If there is one thing you can do to make the world a better place, it’s cooking at home. Okay, that’s probably too strong a statement, but how about this: if there’s one thing you can do to improve your overall health and diet, it’s cooking at home.
Ah, much better. And so very true.
The nice thing about being gluten free is that driving through a fast food restaurant isn’t much of an option. The rough thing about being gluten free is that eating in slower, healthier restaurants (and I use these terms loosely) isn’t very easy.
As I’ve lost weight, my relationship with restaurant meals has changed yet again. It’s really hard to wrap my head around meals that top out over 1,000 calaries…and that’s before you add in a glass of wine. I end up taking most of my meal to go — which doesn’t always work out leftovers-wise — or wasting food. Sometimes I can split something with my husband, but that means we must both want the same thing.
So most of us view cooking at home as the safest, healthiest, and, frankly, easiest option. Except for the cooking part — even on Sundays, when I have all the time in the world, evening meals, in particular, seem thrown together.
The trick, I’ve learned is to rely on tried and true foods and techniques. This means saving recipes that look amazing, but have complicated processes — blanch, then braise, then do the hokey pokey — and an endless list of ingredients for the weekends (or days when I have a little more time than usual).
For me, this means meals that take under an hour to prepare, with the optimal time being about thirty minutes (though, in all honesty, most of those 30-minute dishes usually take about 45 minutes due to prep work). I love planning crockpot meals, and really need to get better about expanding my repertoire there.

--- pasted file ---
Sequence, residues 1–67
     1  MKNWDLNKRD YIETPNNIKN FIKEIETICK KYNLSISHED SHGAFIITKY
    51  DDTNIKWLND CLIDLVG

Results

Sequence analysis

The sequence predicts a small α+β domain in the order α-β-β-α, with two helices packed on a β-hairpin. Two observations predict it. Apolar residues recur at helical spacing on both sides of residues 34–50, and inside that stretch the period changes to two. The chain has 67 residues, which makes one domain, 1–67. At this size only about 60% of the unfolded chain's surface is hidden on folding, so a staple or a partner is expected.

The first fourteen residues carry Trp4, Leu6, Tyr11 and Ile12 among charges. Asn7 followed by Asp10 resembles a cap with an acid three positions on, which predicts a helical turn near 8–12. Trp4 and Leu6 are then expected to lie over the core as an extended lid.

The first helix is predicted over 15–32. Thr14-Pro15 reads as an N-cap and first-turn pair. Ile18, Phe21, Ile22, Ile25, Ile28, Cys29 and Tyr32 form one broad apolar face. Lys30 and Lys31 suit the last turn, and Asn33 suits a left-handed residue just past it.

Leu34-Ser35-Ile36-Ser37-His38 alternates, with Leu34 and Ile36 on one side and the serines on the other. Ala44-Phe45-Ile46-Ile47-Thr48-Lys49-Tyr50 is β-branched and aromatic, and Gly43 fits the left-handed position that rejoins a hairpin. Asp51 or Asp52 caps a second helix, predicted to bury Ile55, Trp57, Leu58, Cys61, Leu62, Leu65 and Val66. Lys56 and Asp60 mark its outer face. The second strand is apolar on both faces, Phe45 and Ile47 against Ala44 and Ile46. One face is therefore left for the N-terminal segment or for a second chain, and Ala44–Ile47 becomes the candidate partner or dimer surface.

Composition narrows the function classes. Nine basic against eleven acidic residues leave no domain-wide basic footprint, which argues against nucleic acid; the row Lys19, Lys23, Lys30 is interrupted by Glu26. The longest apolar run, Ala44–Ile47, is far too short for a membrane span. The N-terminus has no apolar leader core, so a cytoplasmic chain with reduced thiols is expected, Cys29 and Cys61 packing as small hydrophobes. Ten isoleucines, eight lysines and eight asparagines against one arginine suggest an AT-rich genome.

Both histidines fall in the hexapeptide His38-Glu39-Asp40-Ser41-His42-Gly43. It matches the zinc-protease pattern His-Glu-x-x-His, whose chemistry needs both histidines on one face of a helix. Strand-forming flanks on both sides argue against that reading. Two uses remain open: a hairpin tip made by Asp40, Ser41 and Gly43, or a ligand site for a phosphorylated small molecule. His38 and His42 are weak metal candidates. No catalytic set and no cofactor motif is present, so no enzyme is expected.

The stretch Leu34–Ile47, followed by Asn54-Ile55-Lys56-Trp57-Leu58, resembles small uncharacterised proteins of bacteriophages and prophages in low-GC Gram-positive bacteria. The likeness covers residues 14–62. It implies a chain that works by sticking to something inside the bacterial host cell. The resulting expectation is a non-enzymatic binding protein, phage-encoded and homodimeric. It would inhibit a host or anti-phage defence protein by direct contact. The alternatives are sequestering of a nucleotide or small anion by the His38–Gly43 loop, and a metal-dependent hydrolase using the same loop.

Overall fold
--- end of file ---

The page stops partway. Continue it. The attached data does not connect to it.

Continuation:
My second trick is to plan my meals ahead of time. I’ve written about using a planner like Plan to Eat in the past, and I find the longer I use it, the more it makes my life simple. I’ve recently spent a lot of time organizing my recipes into more discrete categories, such as dividing main dishes into specific types, including vegetable, rice/grain, poultry, etc. Soups and stews have their categories, based on main ingredient. Even side dishes are well-organized.
This, plus liberal use of tagging (coconut milk, lemongrass, requires marinating) lets me sort through recipes quickly while focusing on the ingredients I have. From there, I can generate a shopping list that focuses on what I need. Trick one above only works if I have everything I need on hand.
Finally, I keep ready-to-nuke meals in the freezer. Or parts of ready-to-nuke meals. For example, when I make a Bolognese sauce, I freeze dinner-sized portions for later. Likewise with soups such as split pea. Having good, healthy, gluten-free options available makes my life so much easier.
I want to circle back to that health thing because it’s important. I’ve noted a huge shift in how we approach food in the past year or so. More people are looking at how what they eat impacts their health. Whether they’re trying to lose weight or trying to find out why they just can’t feel good, no matter what, people are exploring their relationship with what they eat.
Those of us who are gluten free know better than anyone how important it is to eat food that makes us healthy and happy. For me — and for many of us — this means making meals ourselves. The unexpected bonus is the pleasure that comes from making a delicious meal!
Tip of the Week
Keep a list somewhere handy of your favorite fast-to-prepare weeknight meals. It’s a lot easier to remember what works for you when you have it written down.
Gluten-Free Meal of the Week
For really fast meals, I turn to fish. Our household loves fish, from tacos to meaty salmon steaks. In fact, just typing the word salmon has me craving it. Yes, I am *that* easy.
This week’s meal features salmon with a miso glaze — a bit salty and a bit sweet. While the salmon bakes, I’ll saute some greens with olive oil and garlic (and maybe a bit of the miso mixture to amp up the flavor). I usually make a large batch of rice in my rice cooker on Sunday for the week, so that’s ready to go. Of course, it only takes 20 minutes on the stove top, so, if necessary, I can get that started before the salmon goes in the oven.
- Miso-Glazed Salmon
- Sauteed Greens